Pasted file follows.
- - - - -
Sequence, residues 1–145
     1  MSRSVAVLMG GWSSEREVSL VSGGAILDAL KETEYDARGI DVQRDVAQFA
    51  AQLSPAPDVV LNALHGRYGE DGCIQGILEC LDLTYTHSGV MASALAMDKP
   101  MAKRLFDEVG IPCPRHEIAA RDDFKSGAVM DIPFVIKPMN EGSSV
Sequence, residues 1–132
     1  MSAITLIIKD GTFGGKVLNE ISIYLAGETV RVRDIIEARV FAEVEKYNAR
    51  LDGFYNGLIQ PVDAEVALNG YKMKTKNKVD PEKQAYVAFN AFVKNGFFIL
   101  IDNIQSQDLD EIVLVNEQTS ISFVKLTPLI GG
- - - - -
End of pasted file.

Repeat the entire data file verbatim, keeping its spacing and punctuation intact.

Sequence, residues 1–145
     1  MSRSVAVLMG GWSSEREVSL VSGGAILDAL KETEYDARGI DVQRDVAQFA
    51  AQLSPAPDVV LNALHGRYGE DGCIQGILEC LDLTYTHSGV MASALAMDKP
   101  MAKRLFDEVG IPCPRHEIAA RDDFKSGAVM DIPFVIKPMN EGSSV
Sequence, residues 1–132
     1  MSAITLIIKD GTFGGKVLNE ISIYLAGETV RVRDIIEARV FAEVEKYNAR
    51  LDGFYNGLIQ PVDAEVALNG YKMKTKNKVD PEKQAYVAFN AFVKNGFFIL
   101  IDNIQSQDLD EIVLVNEQTS ISFVKLTPLI GG